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Sister Sledge, the Trammps

Albany Riverfront Park, Thursday

Break out the disco ball and put on your bell-bottoms; tonight we’re gonna party like it’s 1979. Sister Sledge first hit the U.K. Singles Chart in 1975 with “Mama Never Told Me.” After a steady decline in popularity, the group were revived by Nile Rogers and Bernard Edwards of Chic. The pair helped produce Sister Sledge’s most recognizable song, “We Are Family,” which went on to hit the top of almost every chart imaginable. The Trammps kick off the Thursday-night fever with their disco anthem “Disco Inferno.” Tonight’s Alive at Five show is sponsored by Bud Light—and the actual Budweiser Clydesdales will be there doin’ the hustle! (July 17, 5 PM, free, Albany Riverfront Park, Corning Preserve, Albany, 434-2032)

Super 400, Speakeasy

Valentine’s, Saturday

We already told you how great Super 400 are once in this issue. Troy’s finest are smack in the middle of a monthlong tour with Missouri-based rockers Speakeasy, a jaunt that takes the two acts through most of the Deep South for remainder of July. Speakeasy play a funky blend that incorporates “percussive guitars, razor sharp harmonicas, pinpoint three-part harmonies, and punchy rhythms.” While the sum of those parts might seem anathema to fans of Super 400’s hard-driving, classic sound, Speakeasy are, first and foremost, a rock & roll band, and a fun one at that. Let them prove it to you Saturday night when they share the stage with, that’s right, a national treasure. (July 19, 9 PM, $5, 17 New Scotland Ave., Albany, 432-6572)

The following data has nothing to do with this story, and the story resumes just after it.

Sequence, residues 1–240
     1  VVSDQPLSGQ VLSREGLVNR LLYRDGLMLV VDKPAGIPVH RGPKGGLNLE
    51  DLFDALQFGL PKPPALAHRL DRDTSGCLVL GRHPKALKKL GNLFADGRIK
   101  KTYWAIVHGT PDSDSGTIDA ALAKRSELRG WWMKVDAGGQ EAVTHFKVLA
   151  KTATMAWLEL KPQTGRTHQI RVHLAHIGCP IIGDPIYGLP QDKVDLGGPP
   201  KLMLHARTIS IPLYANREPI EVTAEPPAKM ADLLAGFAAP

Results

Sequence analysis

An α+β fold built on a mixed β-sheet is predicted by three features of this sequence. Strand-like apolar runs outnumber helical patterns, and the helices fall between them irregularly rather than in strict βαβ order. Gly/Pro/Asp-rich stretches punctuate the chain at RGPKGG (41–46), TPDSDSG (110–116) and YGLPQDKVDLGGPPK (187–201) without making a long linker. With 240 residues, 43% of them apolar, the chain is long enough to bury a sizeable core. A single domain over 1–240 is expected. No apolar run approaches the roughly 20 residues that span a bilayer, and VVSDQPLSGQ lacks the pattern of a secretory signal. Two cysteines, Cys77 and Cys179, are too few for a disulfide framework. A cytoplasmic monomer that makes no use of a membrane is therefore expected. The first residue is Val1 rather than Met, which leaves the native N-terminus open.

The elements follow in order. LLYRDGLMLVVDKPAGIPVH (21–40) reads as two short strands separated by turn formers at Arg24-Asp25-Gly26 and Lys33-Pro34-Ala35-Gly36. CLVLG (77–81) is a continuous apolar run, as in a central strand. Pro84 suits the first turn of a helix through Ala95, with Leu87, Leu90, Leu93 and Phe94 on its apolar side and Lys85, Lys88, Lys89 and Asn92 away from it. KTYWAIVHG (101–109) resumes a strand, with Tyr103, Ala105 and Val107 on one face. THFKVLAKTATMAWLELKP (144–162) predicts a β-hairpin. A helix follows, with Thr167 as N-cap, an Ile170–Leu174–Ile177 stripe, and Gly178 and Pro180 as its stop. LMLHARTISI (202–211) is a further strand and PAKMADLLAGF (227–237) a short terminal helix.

Dionne Warwick

Proctors Theatre, Saturday

Which female singer had the most charted Billboard hits in the rock era? Yeah, that one’s easy: Aretha Franklin. Who comes in second? Mariah? Cher? Madonna? Nope. It’s Dionne Warwick. In collaboration with composer-arranger Burt Bacharach (and lyricist Hal David), Warwick became the supple, musically (and emotionally) nuanced voice of an indelible 1960s-’70s pop sound: “Walk on By,” “Do You Know the Way to San Jose,” “I’ll Never Fall in Love Again,” “Message to Michael,” “Alfie,” “I Say a Little Prayer.” Admit it, you’re humming one of these tunes right now. As far as we’re concerned, that immunizes her from extended cracks about astrology 1-900 lines. Then there are her collaborations with the Spinners, and that hit she had with Elton John, Gladys Knight and Stevie Wonder. In short, when Warwick takes the main stage at Proctors on Saturday night, she will bring as rich and varied a songbook as anyone you’re ever likely to see. (July 19, 8 PM, $40-$65, 432 State St., Schenectady, 346-6204)


Ed Harcourt

Ed Harcourt, Jeff Klein

Bearsville Theater, Sunday

Speaking of rich and varied songbooks, British singer-songwriter Ed Harcourt makes a rare trip upstate this weekend. Since being nominated for the Mercury Music Prize in 2001 (for Here Be Monsters), the Londoner has released another handful of great records, including this year’s The Beautiful Lie. Unfortunately, his track record here in the States has been spotty: Lie went unreleased for a full two years here after Harcourt was dropped from his former label; beyond that, the album’s title shares an unfortunate similarity to one released by no-talent Leto-emo act 30 Seconds to Mars. This may all work to the benefit of the fans, however—you’re lucky to see this guy in such an intimate venue. Equally excellent is show opener Jeff Klein; his own fine catalog notwithstanding, Klein has spent the last few years backing Mark Lanegan and Greg Dulli in the Twilight Singers, then the Gutter Twins. Yeah, it’s a Sunday, but you weren’t planning on hitting the sack early anyway, right? (July 20, 8 PM, $8, 291 Tinker St., Woodstock, 845-679-4406)